Paws for thought – Pets in Flats
18th April 2018 by Mark Timberlake
A commonly found covenant in residential Leases “no pets without consent” should not be ignored.
This was highlighted in the recent High Court case of Victory Management v Kuehn when the judge ruled against a dog being allowed in a flat stating the reason ‘I love my dog’ wasn’t evidence enough to allow the pet to stay in the flat.
The case related to a lease that prohibited pets without the written consent of the residents’ management company which was owned by the flat owners as a whole. The management company had a strict “no pets” policy in accordance with the other tenants’ wishes and so when the flat owner requested formal consent for her dog to be allowed in the flat this was refused. The flat owner was later informed that the company would consider special circumstances such as the need for a Guide Dog but no medical evidence of that was provided by the flat owner. She claimed however only that the dog had a therapeutic effect on her.
The flat owner moved into the flat with the dog and the management company obtained an injunction requiring the dog to be removed. The flat owner appealed to the High Court arguing that the management company had not followed a fair process as it had adopted an inflexible rule which pre-determined the outcome of all applications. The High Court ruled that the injunction still stood, and the management company had not acted unreasonably or irrationally and the reason ‘I love my dog’ wasn’t evidence enough to allow the dog to stay in the flat.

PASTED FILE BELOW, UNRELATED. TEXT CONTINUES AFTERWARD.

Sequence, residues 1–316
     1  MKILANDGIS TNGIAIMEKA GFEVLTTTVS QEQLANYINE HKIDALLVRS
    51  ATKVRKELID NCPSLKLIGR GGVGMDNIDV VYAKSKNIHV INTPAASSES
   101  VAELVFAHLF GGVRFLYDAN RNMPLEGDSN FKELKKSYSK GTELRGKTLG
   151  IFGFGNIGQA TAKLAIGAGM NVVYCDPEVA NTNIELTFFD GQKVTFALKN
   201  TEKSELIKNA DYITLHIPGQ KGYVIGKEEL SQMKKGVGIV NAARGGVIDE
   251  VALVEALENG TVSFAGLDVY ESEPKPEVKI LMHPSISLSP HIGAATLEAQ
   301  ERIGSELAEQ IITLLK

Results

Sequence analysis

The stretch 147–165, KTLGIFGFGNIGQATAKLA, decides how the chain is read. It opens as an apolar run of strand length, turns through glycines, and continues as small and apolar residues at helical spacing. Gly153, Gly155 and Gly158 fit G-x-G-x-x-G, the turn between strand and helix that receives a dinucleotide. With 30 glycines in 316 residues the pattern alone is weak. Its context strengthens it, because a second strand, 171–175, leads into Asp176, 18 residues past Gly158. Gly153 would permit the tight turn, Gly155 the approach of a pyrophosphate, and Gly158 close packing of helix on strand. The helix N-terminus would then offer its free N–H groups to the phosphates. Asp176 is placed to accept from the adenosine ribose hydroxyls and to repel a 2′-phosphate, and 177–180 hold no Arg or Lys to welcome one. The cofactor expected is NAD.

This case serves as a good reminder to both leaseholders and landlords of long term lets.
If you are a leaseholder make sure you are aware of all management company rules and regulations applicable to your new home from the start. If you have a pet then we would recommend you are upfront from the beginning and don’t assume if there is a restrictive covenant on keeping pets that it won’t be enforced.
If you are a management company, this case gives guidance as to how management companies should consider requests for consent not only in relation to pets but also in relation to other regulations.